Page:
Ruins

Different cultures seem to have wildly varying attitudes about the proper way to treat historical ruins. In Germany the government is busily rebuilding old buildings to their original glory. Not really surprising, considering how much of that nation’s historical architecture was reduced to rubble during a certain large war.

In marked contrast, I have learned that the English have an abhorrence for putting back up anything that has fallen down. They consider such acts to be a kind of sacrilege, a violation against history. If you ever find yourself in York, you can walk through the ruins of was once the extensive castle, built in 1069, by William the Conqueror, where today nothing remains but vague outlines of what were once magnificent buildings, and the occasional crumbling stone wall.

As far as the English are concerned, this state of affairs is just fine. To bring such buildings back would not occur to them. They would think such a project to be not so much architectural restoration as a kind of gross indecency, a displacement of the true historical reality by a sort of Disney-esque ersatz fantasy.

There is a seeming contradiction in this, for in England it has long been a favorite pasttime of the wealthy to erect “follies” – elaborate ruins consisting of crumbling old walls, pillars of ancient greek temples, the remains of an ancient Egyptian pyramid or obelisk – all completely and utterly fake.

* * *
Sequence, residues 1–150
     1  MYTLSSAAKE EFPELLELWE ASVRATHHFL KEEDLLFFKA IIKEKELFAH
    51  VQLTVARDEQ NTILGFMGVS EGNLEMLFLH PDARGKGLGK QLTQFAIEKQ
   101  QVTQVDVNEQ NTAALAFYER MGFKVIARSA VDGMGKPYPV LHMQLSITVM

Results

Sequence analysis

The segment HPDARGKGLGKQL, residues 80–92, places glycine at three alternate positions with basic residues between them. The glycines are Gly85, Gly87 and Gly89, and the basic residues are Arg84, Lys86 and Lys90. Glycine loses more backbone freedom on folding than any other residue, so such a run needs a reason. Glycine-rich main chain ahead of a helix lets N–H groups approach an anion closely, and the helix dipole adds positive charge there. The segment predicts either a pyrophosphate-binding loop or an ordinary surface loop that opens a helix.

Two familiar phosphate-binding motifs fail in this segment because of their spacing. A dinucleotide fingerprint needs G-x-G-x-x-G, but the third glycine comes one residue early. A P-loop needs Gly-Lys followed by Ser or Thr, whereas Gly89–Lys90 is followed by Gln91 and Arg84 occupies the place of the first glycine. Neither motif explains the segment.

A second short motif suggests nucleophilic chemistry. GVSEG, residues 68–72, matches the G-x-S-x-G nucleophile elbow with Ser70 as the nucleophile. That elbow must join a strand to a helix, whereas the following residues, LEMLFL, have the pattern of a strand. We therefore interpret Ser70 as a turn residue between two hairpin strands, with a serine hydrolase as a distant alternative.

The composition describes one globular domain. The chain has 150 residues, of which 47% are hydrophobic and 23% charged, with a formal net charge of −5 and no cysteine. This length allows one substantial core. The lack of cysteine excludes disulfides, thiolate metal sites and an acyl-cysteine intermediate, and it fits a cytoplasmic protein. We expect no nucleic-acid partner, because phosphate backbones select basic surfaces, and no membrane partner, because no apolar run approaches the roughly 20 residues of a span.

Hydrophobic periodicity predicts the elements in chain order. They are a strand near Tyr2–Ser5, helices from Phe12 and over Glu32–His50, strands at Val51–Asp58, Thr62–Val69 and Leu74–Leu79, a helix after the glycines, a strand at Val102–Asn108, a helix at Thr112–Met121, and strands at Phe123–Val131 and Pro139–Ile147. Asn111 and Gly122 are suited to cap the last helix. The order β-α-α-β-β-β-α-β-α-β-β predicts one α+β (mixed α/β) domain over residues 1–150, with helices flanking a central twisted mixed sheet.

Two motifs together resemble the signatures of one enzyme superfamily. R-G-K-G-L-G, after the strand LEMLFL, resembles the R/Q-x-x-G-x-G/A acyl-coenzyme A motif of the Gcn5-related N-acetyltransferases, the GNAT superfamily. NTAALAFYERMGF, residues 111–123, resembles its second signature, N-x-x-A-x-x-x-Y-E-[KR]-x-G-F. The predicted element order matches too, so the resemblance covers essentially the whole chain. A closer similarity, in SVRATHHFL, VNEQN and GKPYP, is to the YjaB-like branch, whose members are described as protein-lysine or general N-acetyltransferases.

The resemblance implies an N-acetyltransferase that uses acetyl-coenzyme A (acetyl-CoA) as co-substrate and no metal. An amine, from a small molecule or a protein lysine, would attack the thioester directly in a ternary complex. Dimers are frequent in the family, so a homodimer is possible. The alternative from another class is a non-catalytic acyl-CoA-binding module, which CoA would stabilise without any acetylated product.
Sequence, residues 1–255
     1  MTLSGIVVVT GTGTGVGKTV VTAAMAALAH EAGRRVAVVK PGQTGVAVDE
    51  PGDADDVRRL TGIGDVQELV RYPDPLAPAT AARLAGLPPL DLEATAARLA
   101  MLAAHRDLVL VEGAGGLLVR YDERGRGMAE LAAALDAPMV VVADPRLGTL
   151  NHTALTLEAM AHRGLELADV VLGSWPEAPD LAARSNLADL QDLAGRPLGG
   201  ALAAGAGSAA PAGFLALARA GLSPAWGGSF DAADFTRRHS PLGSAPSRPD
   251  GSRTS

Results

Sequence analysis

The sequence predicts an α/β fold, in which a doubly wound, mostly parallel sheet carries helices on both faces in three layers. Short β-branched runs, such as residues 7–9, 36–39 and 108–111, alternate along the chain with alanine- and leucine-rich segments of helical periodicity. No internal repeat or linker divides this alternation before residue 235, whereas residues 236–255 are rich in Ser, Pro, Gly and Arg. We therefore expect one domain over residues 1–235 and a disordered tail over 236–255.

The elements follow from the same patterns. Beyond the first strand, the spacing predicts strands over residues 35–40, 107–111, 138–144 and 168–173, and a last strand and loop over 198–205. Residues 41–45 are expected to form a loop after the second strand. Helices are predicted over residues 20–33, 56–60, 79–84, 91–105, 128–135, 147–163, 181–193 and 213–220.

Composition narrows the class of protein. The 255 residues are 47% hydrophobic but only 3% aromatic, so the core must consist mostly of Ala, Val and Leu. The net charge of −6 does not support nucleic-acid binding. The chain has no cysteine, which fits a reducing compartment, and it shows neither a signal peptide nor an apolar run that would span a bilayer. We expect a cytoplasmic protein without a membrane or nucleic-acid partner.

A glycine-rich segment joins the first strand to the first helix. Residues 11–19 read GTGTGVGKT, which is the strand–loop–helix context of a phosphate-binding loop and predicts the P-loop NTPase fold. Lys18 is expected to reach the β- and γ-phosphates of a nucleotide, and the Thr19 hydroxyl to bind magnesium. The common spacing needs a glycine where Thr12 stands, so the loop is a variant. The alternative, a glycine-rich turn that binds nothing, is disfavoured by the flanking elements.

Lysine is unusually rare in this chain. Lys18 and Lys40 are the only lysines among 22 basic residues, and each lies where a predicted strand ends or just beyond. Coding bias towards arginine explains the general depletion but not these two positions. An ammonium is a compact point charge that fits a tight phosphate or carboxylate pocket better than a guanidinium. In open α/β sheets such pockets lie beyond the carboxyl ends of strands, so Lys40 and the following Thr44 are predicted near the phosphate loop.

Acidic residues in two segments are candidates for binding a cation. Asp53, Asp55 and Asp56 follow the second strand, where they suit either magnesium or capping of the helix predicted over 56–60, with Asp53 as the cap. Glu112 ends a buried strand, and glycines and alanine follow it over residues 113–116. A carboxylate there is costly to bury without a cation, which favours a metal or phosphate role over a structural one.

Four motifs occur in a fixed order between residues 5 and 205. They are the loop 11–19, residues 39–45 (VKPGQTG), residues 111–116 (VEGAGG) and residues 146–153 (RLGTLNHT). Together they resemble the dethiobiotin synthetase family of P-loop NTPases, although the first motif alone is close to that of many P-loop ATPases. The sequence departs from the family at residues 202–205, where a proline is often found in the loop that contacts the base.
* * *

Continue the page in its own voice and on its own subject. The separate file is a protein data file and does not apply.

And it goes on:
Painting of a typical English “folly”

 

But after a little thought this makes perfect sense. To the English, the resurrection of a long-gone past falls firmly into the category of amusing fantasy. Indeed, there is a good reason these constructions are called “follies”. In a sense, the very artificiality of such projects, their deliberate absurdity, serves as a reminder that the past can never be recaptured.

Seen in this context, the refusal of the British to rebuild the walls of William the Conqueror’s castle, or any other artifacts of history, is a gesture of true respect.

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